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Pediatrics. 2013 Jul;132(1):109-17.

Implementation of a parental tobacco control intervention in pediatric practice.

Author information

1
Center for Child and Adolescent Health Research and Policy, Massachusetts General Hospital, Boston, MA 02114, USA. jwinickoff@partners.org

Abstract

OBJECTIVE:

To test whether routine pediatric outpatient practice can be transformed to assist parents in quitting smoking.

METHODS:

Cluster RCT of 20 pediatric practices in 16 states that received either CEASE intervention or usual care. The intervention gave practices training and materials to change their care delivery systems to provide evidence-based assistance to parents who smoke. This assistance included motivational messaging; proactive referral to quitlines; and pharmacologic treatment of tobacco dependence. The primary outcome, assessed at an exit interview after an office visit,was provision of meaningful tobacco control assistance, defined as counseling beyond simple advice (discussing various strategies to quit smoking), prescription of medication, or referral to the state quitline, at that office visit.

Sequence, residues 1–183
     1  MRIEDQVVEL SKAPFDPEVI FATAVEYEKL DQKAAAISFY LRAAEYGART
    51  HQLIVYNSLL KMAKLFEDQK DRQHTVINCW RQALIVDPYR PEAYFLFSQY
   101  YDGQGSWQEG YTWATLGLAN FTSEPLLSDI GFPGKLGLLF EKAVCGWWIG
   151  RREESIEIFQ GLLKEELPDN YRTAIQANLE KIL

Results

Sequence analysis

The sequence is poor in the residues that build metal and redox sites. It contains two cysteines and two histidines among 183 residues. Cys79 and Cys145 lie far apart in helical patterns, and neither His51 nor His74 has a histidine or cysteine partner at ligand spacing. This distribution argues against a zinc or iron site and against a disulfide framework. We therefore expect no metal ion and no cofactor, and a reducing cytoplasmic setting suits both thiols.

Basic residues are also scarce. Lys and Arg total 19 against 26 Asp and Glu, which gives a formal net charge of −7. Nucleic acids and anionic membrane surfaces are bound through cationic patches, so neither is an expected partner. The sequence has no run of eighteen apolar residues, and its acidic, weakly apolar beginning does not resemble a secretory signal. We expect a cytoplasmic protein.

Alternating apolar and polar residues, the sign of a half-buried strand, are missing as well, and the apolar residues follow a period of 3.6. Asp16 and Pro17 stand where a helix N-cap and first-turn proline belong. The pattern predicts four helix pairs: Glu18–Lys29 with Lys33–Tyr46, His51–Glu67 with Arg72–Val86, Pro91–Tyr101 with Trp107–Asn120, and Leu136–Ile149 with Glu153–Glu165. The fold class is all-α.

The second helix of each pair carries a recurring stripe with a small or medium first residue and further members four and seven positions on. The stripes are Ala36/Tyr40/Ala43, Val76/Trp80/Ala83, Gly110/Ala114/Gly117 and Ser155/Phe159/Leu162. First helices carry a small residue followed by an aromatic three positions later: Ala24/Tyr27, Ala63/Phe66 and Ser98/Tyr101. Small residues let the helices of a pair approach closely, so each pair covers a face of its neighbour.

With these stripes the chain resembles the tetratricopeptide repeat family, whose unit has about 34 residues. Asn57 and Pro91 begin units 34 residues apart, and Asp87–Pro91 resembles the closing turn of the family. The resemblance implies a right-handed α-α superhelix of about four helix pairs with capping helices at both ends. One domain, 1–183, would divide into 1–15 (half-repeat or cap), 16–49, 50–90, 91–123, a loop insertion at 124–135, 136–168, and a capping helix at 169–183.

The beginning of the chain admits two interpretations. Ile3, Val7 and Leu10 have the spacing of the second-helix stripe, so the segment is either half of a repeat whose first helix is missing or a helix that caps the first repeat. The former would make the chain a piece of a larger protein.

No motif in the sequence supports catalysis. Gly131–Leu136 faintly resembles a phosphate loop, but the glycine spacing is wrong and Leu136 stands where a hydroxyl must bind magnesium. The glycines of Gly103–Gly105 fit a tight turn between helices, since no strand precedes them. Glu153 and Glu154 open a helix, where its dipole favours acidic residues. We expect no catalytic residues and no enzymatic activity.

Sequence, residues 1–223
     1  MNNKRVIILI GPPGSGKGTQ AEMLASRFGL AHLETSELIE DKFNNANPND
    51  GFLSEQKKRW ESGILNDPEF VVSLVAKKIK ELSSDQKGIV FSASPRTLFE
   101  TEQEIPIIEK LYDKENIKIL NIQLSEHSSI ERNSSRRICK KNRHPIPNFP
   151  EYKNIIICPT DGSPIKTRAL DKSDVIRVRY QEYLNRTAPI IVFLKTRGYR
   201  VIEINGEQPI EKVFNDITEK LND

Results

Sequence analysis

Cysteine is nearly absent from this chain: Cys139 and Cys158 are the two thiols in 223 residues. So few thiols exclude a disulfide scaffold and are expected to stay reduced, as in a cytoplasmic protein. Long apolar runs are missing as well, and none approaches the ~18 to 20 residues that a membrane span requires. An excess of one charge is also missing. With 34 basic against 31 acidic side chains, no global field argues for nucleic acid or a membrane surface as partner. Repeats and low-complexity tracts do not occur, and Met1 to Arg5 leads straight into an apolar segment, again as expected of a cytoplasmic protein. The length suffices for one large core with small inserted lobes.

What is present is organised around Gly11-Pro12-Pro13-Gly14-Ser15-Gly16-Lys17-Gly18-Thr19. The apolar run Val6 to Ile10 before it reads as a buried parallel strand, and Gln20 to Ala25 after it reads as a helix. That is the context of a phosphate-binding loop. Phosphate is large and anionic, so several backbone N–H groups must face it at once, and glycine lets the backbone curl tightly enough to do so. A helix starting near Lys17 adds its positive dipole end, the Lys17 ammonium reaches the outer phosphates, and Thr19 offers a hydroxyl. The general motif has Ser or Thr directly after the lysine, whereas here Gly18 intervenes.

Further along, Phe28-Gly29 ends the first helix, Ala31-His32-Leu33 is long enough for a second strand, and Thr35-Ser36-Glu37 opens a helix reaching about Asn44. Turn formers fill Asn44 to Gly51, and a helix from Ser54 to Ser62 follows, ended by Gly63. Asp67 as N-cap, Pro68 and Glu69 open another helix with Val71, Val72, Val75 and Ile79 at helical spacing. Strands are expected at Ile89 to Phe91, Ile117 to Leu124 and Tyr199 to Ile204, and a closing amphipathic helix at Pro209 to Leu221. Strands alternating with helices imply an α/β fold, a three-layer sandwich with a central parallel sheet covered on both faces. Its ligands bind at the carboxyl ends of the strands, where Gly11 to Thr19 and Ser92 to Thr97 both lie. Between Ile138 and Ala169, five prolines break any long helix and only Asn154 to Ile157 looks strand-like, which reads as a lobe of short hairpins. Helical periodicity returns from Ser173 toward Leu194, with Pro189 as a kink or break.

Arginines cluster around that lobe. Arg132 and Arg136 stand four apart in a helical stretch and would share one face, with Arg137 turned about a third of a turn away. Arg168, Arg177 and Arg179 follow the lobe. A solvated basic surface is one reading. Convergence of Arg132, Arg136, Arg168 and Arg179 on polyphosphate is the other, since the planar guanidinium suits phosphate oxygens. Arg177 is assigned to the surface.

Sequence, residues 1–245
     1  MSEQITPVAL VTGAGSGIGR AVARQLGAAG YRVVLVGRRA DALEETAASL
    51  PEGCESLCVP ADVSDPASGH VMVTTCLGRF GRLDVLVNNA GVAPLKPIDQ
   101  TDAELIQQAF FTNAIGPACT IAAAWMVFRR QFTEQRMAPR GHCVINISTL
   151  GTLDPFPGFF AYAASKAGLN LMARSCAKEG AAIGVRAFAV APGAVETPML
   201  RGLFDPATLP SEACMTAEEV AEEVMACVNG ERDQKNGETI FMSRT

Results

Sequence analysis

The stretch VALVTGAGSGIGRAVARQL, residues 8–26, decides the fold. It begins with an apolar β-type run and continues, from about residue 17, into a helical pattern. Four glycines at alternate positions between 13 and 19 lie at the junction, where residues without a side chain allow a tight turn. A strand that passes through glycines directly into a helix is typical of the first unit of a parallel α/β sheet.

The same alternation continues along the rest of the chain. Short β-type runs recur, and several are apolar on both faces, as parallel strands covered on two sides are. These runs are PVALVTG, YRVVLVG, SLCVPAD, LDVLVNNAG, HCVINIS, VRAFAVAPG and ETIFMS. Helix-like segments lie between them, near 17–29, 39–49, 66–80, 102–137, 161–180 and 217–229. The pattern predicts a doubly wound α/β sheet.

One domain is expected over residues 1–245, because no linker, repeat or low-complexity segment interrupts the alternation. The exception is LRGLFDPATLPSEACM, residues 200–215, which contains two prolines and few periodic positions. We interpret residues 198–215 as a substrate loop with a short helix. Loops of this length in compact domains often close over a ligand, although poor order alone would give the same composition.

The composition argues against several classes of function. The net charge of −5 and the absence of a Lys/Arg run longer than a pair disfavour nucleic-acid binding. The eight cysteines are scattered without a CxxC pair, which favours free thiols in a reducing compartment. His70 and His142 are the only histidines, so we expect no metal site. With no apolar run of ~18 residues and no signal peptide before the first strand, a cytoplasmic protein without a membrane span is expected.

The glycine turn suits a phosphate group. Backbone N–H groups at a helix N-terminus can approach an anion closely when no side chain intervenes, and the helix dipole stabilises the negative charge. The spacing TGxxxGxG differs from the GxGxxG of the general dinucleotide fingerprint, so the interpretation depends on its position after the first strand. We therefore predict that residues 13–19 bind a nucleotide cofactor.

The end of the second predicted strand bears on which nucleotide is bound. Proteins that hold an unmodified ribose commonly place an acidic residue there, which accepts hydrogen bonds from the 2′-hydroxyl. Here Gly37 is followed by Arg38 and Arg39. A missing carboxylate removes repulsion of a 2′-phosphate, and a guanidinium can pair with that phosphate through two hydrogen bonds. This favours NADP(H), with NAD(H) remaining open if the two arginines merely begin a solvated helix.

RESULTS:

Among 18 607 parents screened after their child’s office visit between June 2009 and March 2011, 3228 were eligible smokers and 1980 enrolled (999 in 10 intervention practices and 981 in 10 control practices). Practices’ mean rate of delivering meaningful assistance for parental cigarette smoking was 42.5% (range 34%–66%) in the intervention group and 3.5% (range 0%–8%) in the control group (P < .0001).Rates of enrollment in the quitline (10% vs 0%); provision of smoking cessation medication (12% vs 0%); and counseling for smoking cessation(24% vs 2%) were all higher in the intervention group compared with the control group (P < .0001 for each).

CONCLUSIONS:

A system-level intervention implemented in 20 outpatient pediatric practices led to 12-fold higher rates of delivering tobacco control assistance to parents in the context of the pediatric office visit.

TRIAL REGISTRATION:

ClinicalTrials.gov NCT00664261.

PMID:
23796741
PMCID:
PMC3691536
DOI:
10.1542/peds.2012-3901
[Indexed for MEDLINE]
Free PMC Article
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